1) Why not use Atmel for new designs?
I have used Atmels (90S8515,90S2313) in the last millennium. But i dont like the way how they handle their data spaces :-).
If a project make use of them, i have no problems with them.
Most of my projects include some form of signal processing and require features like arithmetic saturation,
extended address capabilities and so on. For this i used in early days the Motorola 56002 and later
Texas Instruments C5000 and C2000 series.
On the lower end i would use the PIC16F15xx which have really neat peripherals like
a NCO (Numerical Controlled Oscillator) or CLC's (Configurable Logic Cell).
For this project i used the MSP430 because of its 16 bit capabilities, the possibility to drive a passive 14 segment LCD,
integrated ADC's, DAC's and OPV's (MSP430FG4618).
2) Maybe I've made it to complicated. I've done that once or twice before.
I think I am arriving at the same place. I was going to use an encoder of some type to generate a interrupt. If the interrupt then sees another pin HI, we will increment. Pin LO is a decrement. I can start from a pre-loaded state when I turn the VFO on or from the last frequency remembered when I turned it off.
I'll probably increment by your F100 unless I select (push button) otherwise. So each step of the encoder will generate an interrupt that increments or decrements F100 hz.
So, let's say I'm at 10 mhz (F10M) as my starting position. I bump my knob to increment 100 hz (F100).
LAST_FREQ + F100 --> TEMP_DDS_REGISTER-->shift out the SPI to the DDS
DISP_FREQ + 100hz --> convert to ascii --> parallel out to display
If this is correct, that would be a lot simpler than what I had originally done. I originally had programmed in assembler with a Freescale micro just to jump between a number of preselected channels at a predetermined time. Then I wanted to build a really, really fast zero-crossing switch so I would "jump" when the input to the mixer crossed zero. My VFO in assembler was becoming very difficult very quickly.
I purchased two "crystal-plexed" 11 meter radios to use as a development system. I was able to fire them up on 10M with just some "tweaking." I had a couple contacts just to make sure everything worked and all was stable. So my simple project has become about 5 projects all based on the DDS VFO.
So, what do you think? Anyone else have any comments?
My design is around two registers.
There is one for the actual frequency and a register for the increment. Both registers can hold 16 digits.
Only the 8 most significant digits are used for the calculation.
The other 8 spaces hold only digits, so they do not get lost if a register is shifted right.
(Which would divide the frequency by ten.)
The register hold their values as a representation of their digit value: '0' becomes 0 and '9' becomes 9.
The frequency 31.415926 MHz would look like:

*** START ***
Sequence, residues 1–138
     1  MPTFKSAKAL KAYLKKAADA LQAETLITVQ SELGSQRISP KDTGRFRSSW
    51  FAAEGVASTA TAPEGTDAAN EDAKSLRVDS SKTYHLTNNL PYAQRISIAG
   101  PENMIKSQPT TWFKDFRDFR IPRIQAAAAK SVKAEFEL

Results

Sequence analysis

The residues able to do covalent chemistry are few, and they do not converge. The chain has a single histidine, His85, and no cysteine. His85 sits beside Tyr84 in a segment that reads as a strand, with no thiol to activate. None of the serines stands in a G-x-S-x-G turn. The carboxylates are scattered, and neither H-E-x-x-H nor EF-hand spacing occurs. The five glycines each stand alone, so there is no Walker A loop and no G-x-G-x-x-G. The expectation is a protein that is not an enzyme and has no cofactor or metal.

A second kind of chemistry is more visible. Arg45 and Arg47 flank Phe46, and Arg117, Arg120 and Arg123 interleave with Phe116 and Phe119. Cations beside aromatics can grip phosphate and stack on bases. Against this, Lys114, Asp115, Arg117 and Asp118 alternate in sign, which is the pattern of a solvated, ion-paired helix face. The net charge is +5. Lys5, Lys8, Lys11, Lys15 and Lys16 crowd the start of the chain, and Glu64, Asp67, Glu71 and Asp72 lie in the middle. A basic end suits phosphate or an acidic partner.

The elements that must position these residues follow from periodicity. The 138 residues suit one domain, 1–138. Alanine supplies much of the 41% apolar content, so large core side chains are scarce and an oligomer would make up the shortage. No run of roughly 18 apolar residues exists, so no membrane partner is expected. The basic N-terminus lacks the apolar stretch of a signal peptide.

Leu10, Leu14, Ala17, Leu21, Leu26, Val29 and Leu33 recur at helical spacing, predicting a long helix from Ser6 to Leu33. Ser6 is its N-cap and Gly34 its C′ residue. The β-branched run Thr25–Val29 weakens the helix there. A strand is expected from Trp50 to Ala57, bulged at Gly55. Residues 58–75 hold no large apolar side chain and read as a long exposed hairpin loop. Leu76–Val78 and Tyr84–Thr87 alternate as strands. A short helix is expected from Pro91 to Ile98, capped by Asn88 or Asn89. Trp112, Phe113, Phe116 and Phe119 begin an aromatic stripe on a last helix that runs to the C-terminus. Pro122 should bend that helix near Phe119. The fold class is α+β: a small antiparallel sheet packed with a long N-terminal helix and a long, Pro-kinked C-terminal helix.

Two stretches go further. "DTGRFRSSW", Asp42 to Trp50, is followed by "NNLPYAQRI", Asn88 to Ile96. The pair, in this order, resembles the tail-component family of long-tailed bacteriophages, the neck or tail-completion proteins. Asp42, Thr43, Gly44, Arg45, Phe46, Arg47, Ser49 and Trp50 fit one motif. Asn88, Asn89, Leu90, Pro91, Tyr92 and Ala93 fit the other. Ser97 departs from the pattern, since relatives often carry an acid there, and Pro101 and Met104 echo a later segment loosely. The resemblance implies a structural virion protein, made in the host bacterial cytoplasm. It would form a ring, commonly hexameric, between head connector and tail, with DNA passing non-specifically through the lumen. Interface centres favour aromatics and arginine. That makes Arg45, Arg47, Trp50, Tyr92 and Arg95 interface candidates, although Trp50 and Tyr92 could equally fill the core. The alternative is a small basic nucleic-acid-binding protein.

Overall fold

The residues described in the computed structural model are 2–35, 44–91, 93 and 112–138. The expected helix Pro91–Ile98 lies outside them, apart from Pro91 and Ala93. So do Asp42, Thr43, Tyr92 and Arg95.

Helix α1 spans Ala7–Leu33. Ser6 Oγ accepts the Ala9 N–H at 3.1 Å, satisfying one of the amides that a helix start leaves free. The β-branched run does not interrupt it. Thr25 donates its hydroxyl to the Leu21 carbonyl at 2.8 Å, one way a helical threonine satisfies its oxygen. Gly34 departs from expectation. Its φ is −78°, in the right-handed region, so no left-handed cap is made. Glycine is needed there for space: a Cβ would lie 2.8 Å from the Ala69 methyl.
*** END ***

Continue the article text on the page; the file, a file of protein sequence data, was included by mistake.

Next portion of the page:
R10M R1M R100k R10k R1k R100 R10 R1 O1 O2 O3 O4 O5 O6 O7 O8
3 1 4 1 5 9 2 6 0 0 0 0 0 0 0 0
To calculate the DDS controlword You have to multiply each value with the appropriate constant and take the sum of all products.
controlword = sum(R10M * F10M + R1M * F1M + R100k * F100k + R10k * F10k + R1k * F1k + R100 * F100 + R10 * F10 + R1 * F1)
Since the coefficients are small, in the range from 0 to 9, there is no really penalty if you do a simple repeated add of the constants.
So the controlword becomes:
F10M DL 0147ae148h
F1M DL 020c49bah
F100k DL 0346dc5h
F10k DL 053e2dh
F1k DL 08638h
F100 DL 0d6ch
F10 DL 0158h
F1 DL 022h
(0147ae148h+0147ae148h+0147ae148h) + (020c49bah) + (0346dc5h+0346dc5h+0346dc5h+0346dc5h) + (053e2dh) + \
(08638h+08638h+08638h+08638h+08638h) + (0d6ch+0d6ch+0d6ch+0d6ch+0d6ch+0d6ch+0d6ch+0d6ch+0d6ch) + \
(0158h+0158h) + (022h+022h+022h+022h+022h+022h)
gives: 4056fe33h (without warranty :-)
Since i want arbitrary step values, and not only a step by digits there is second register which holds this increment.
To do a step up the increment register has to be added to the frequency register.
For a simple VCO in a receiver this might not be necessary and simpler approach, as You described may be used.
All operation is done on the frequency register and the controlword is always calculated from this register.
To display the frequency, You can simply add 030h (aka '0') to each digit to get its ASCII representation.
Direct manipulation of the control word would be useful for FM-modulation or logarithmic sweeps.
The bad news about all this are rounding errors. You can get rid of them, if You extend the constants by
two hexadecimal digits and do 8 bit right shift on the control word before You write it to the DDS.
Thats up to You... :-)
For fast switching between arbitrary values You should consider the AD9856 and its family members.
They can hold 4 controlwords for their DDS and switch between them.
No math (but hardware) involved :-)